Home > Dear Jane (Animal Attraction #1)(5)

Dear Jane (Animal Attraction #1)(5)
Author: Marissa Clarke

“I’ll text you when he drops me off and give you the run down.”

Alastair was outgoing and charming. Eric couldn’t wait to hear all about it. Or not. He groaned inwardly. “Great.”

She arched an eyebrow at the pen he was clicking a billion times a second.

Way to play it cool, Blackwell. “Sorry, I’ve got a lot of stuff going on.”

“The Anderson deal. Yeah. Dad’s pretty uptight about it.”

Dad. Boom. Direct hit. And “uptight” wasn’t even in the ballpark. The meeting with Mr. Dixon yesterday had been a disaster. Eric needed to figure out a way to minimize the tax consequences or the deal wouldn’t go through and neither would his promotion.

“I’ll let you get back to work, then.” She tilted her head and studied him for a moment from his office door, and he resisted the urge to check himself to see if something was off.

“Good luck tonight,” he said.

“Thanks. I’m going to need it.”

 

 

Chapter Five

After a grueling day at work, Eric’s favorite thing to do was binge watch sitcoms and work that day’s New York Times crossword.

Number three across: “One who weeps, in a saying.” He traced his fingers over the five empty spaces. “Finders keepers, losers weepers,” he chanted in a taunting, playground voice. With a sigh, he filled in the blanks. L-O-S-E-R.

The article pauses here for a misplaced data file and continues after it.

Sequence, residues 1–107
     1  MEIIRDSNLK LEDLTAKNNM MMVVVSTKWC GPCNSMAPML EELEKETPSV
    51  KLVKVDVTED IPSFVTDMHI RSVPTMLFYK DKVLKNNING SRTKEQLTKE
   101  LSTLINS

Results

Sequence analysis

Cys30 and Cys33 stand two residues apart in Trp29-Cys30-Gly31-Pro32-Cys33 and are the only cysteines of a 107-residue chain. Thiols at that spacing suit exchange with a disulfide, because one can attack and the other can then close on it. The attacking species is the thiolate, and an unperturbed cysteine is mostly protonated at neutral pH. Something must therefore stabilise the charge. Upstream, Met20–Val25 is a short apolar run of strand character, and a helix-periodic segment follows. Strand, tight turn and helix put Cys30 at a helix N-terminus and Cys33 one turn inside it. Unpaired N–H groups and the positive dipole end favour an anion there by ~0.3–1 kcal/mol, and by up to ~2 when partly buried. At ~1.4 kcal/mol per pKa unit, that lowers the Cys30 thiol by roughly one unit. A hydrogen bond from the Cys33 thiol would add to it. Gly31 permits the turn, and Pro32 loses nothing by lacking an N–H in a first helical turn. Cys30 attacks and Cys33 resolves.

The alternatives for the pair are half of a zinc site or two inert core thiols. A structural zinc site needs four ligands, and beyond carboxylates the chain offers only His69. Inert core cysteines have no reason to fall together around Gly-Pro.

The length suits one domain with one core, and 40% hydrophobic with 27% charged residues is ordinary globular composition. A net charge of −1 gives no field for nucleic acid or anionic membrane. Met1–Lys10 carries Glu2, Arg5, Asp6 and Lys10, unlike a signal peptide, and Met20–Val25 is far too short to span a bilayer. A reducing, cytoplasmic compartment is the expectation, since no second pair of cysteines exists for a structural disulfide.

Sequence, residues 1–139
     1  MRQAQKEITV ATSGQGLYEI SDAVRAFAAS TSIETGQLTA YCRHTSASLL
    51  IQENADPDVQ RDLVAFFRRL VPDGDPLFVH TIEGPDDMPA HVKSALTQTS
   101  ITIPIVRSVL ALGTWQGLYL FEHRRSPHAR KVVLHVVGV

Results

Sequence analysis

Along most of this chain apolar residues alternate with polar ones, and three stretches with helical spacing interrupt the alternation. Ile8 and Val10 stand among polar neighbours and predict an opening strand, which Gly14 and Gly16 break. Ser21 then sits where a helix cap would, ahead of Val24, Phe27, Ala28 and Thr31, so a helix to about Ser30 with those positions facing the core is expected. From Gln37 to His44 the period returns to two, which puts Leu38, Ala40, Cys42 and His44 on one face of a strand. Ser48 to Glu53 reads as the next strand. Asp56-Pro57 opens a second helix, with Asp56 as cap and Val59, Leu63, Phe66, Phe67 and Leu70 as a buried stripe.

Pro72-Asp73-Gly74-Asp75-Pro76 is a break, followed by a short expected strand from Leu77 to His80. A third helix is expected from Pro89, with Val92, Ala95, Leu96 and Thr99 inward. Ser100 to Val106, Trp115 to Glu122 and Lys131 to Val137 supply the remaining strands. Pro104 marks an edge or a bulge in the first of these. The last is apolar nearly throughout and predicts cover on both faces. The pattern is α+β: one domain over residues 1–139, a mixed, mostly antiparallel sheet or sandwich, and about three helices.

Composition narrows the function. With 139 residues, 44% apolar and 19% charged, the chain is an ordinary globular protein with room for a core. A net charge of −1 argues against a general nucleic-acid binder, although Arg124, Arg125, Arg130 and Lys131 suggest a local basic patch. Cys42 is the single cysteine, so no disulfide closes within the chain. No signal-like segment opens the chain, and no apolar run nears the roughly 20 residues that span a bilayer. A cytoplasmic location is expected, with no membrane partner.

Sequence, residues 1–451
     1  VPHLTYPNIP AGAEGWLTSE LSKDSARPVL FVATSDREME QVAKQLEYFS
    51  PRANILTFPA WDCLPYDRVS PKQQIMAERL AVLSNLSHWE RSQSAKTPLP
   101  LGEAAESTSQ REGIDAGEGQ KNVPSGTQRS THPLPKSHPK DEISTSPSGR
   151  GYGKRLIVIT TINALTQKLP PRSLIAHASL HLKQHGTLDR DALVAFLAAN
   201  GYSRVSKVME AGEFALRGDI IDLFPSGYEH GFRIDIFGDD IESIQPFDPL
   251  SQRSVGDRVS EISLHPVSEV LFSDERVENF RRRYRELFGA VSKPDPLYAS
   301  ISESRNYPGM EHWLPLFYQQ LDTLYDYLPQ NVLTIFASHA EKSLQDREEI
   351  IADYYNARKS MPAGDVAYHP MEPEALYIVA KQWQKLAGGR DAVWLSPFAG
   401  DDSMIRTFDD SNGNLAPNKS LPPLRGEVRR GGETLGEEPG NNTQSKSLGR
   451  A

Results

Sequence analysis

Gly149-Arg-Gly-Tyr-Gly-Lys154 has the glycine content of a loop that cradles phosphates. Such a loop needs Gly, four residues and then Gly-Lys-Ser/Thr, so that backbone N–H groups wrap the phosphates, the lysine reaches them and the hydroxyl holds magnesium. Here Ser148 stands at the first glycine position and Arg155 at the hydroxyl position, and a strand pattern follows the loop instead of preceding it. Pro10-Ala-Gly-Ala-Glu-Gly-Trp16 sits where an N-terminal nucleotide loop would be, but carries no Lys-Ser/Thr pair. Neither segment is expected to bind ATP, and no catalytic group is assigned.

While he was home, living like an old man at thirty years old, Alastair was out wining, dining, and romancing Jane on Eric’s dime.

Number twelve down: “Live a dull life.” Second letter of eight was a T and fourth a G. No doubt about the answer to this one. He was an expert on dull. S-T-A-G-N-A-T-E, he wrote in the blanks.

Something had to give. He popped a potato chip into his mouth. His entire life, all he wanted was to not be like his selfish, pleasure-seeking father—the father who left his family penniless when he’d died. Eric had vowed at an early age he’d be responsible and support those he loved, not only financially, but with undying loyalty. He’d succeeded. Three months ago, he’d bought his mother a small house upstate and nothing had ever felt better. If he could make the Anderson Enterprises acquisition of Cahill Investment Group work out, he’d be the youngest junior partner ever at Dixon, Rosenbaum & Schoot, a dream of his since he’d interned with them during his second year in law school.

He’d been called an overachiever so many times during his life, he’d lost count. Editor of Law Review, Phi Alpha Delta student board, and a job offer well before graduation with one of the most prestigious law firms in New York City. Overachiever. He shook his head. Yeah, he was a success in all areas of his life except one.

Number two across: “Like some gases.” Tipping his head, he studied the five boxes ending in R-T.

He tossed the pencil down on the glass coffee table. “Inert,” he said through gritted teeth. Even the crossword knew he was pathetic.

Switching off the TV, he leaned back into his leather sofa and closed his eyes. All he’d ever wanted was to make right what his dad had done to his family—and that had always been enough. Security and financial stability for his mom were up there on the top of his list of what was important. He’d done that…